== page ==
The world is changing fast. We’d better be prepared. Survivalists stock up on food and guns. I recommend we stock up on mental and emotional health.
Becoming psychologically stronger is likely the best investment anyone can make right now. This strength puts us in a better position to weather social and environmental disorder and to establish the best solutions and policies going forward.
As we all know, civilization is staggering from the toxic effects of terrorism, mass killings, warfare, financial instability, resource depletion, population displacements, social and international dissension, incompetence, corruption, and, of course, climate change. We might be spared utter calamity, but overall conditions may well worsen before they get better.
Climate change alone, psychologists tell us, has been shown to increase citizens’ rates of anxiety, depression, and traumatization. “These symptoms,” they say, “can exist for years after experiencing the loss of homes, livelihoods, and community resources” from storms and floods. The medical journal, The Lancet, reports that mental-health disorders are among the most dangerous of the indirect health effects of global warming.
These effects can be felt even when we haven’t yet experienced direct loss from weather events. Troubling many of us is an underlying anxiety, as well as a sense of helplessness and guilt, concerning the degraded planet we’re leaving to our descendants. Those who deny the scope of the crisis might be at risk of degrading their humanity and descending into mental mediocrity or even stupidity.
Psychological health not only makes us stronger to deal with personal challenges, but also empowers us collectively to create reforms and changes that lead to desired outcomes. We stay connected to our better self while preserving the ideals and promise of humanity. As an added consideration, emotional strength, which is a factor in the complex interactions that exist between mental and physical disease, often leads to fewer medical problems.
People around the world are already loaded up with anger, fear, anxiety, cynicism, depression, and despair. These psychological afflictions contribute to social and political disorder. The World Health Organization estimates that mental-health disorders account for 12 percent of the global burden of disease. In the United States, 40 million people are currently suffering from anxiety disorders. An estimated 26 percent of Americans ages 18 and older—about one in four adults—suffer from a diagnosable mental disorder in a given year. Under worsening environmental and economic conditions, this malaise could spread like a plague. Those of us who have developed inner strength would be “vaccinated” against fear, helplessness, despair, and rage.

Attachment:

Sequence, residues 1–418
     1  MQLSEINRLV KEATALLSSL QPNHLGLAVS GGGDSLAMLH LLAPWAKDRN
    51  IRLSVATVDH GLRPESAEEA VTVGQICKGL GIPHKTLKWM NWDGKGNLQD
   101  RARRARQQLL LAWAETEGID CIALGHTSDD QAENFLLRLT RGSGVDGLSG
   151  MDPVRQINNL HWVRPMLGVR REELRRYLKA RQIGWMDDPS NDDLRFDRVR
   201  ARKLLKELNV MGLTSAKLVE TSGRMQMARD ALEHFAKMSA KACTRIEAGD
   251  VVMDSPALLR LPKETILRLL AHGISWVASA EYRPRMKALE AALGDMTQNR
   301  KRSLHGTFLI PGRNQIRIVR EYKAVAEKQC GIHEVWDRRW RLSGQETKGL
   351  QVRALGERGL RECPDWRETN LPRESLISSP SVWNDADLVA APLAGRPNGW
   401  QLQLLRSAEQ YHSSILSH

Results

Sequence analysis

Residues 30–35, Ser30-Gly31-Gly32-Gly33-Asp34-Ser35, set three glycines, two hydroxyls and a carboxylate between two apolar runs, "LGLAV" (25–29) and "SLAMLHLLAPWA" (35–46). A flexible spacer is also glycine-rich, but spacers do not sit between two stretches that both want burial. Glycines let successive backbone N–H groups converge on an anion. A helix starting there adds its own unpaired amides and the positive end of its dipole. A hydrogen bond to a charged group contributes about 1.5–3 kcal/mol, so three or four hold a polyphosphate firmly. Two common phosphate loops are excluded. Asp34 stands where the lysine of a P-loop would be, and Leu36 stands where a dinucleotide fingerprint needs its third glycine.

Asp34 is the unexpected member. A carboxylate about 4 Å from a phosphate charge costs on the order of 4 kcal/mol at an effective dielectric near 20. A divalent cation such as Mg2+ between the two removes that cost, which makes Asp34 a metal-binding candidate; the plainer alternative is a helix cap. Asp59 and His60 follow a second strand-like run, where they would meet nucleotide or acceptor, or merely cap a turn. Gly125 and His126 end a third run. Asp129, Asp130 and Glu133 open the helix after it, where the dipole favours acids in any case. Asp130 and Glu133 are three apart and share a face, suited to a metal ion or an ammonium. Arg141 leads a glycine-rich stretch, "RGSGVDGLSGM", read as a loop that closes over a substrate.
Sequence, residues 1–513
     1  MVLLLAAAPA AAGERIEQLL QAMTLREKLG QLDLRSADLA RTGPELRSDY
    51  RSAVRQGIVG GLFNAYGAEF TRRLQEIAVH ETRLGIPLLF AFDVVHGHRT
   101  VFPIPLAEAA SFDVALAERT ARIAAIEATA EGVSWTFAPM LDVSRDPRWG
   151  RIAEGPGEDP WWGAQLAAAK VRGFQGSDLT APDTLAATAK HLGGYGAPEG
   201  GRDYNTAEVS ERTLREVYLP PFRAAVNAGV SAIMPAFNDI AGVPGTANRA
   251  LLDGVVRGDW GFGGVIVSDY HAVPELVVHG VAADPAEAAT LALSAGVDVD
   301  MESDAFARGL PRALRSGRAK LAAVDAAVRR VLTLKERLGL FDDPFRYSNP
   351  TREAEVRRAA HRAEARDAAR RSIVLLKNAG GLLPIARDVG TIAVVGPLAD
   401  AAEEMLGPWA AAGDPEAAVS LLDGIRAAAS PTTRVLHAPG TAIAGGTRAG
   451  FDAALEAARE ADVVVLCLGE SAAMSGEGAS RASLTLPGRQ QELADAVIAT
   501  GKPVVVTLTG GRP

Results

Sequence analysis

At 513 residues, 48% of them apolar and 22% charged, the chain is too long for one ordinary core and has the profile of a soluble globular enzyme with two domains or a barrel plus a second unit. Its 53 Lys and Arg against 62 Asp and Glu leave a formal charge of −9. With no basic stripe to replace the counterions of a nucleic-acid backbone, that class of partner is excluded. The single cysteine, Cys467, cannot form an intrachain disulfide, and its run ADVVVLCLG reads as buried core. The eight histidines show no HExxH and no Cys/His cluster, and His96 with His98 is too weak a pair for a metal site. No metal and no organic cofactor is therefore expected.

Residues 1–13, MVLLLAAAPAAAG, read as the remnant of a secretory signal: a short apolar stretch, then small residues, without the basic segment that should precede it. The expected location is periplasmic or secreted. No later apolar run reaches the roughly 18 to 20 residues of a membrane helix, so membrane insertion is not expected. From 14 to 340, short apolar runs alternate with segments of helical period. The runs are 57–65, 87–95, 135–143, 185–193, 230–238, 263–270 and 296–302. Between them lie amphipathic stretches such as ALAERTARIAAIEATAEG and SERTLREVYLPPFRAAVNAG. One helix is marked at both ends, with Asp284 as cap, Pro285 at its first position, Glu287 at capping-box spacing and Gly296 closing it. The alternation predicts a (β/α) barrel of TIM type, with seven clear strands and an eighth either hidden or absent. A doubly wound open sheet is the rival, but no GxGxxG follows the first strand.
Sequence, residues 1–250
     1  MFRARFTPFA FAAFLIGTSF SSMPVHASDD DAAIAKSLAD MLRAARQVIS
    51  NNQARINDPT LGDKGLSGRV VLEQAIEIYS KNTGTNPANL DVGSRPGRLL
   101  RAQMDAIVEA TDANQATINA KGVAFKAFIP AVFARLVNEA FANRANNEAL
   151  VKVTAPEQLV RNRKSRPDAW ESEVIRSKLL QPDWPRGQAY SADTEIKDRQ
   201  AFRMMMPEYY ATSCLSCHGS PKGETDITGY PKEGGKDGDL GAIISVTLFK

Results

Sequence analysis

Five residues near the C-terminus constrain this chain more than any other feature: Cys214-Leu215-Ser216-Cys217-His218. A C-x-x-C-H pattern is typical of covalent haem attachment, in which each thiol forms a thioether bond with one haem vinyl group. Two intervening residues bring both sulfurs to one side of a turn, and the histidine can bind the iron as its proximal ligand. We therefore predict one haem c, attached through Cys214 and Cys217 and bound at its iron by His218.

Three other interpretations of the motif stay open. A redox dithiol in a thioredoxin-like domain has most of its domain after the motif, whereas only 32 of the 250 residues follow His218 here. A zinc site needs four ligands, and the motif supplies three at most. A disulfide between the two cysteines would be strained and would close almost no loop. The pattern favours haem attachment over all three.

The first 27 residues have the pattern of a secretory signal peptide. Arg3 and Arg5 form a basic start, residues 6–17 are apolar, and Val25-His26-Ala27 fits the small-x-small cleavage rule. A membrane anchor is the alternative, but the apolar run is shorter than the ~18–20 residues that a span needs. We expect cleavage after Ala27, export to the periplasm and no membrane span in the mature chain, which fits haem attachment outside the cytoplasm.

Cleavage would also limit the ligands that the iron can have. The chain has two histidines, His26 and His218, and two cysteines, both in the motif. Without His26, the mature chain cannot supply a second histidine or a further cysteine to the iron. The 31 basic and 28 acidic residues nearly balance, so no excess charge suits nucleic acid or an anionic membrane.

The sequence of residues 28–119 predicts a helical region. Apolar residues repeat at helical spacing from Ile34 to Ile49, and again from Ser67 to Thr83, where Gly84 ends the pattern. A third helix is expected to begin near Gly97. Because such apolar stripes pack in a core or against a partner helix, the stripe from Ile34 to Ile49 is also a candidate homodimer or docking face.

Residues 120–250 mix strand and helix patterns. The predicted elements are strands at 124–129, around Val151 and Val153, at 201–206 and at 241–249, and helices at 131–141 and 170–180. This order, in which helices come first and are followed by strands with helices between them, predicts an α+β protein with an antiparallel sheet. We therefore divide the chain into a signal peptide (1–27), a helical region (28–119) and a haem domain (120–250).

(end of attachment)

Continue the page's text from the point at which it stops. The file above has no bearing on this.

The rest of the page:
These figures above represent only mental-health disorders. The prevalence of neurosis is much higher. Neurotic people are troubled by inner conflict, yet the symptoms of their dysfunction are generally not as debilitating as with more serious psychological disorders. Nonetheless, neurotic individuals are prone under challenging circumstances to slip backwards into conditions of more troublesome dysregulation.
Of course, factors other than climate change are also emotionally challenging. Many kind decent people, seeing the extent of the social dysfunction around them, are succumbing to passive or bitter resignation. While conditions are indeed difficult, depth psychology has powerful insights to offer that can help us to discover our better self.
Here’s just one example of such insight. After reading a post of mine, a middle-aged gentleman in the Midwest emailed to justify what he called his “earned cynicism.” He said, in part:
It’s apparent as I age that my attitude has become more cynical. Our world, in my view, is becoming worse off. It’s so difficult now to disconnect from the daily frenzy. Accountability and self-responsibility are on the wane and living off the efforts of others is the norm. Yes, I’m cynical but I’ve earned it.
I recently returned from New York City and the frenetic pace was akin to underground rats scurrying to the next food source or mating call. I’ve stopped watching the news because it sours my mood. The effort required to make small changes in a bureaucracy is massive. Incompetent managers rise in the ranks because they go along with the “party line” rather than getting a better deal for employees and customers.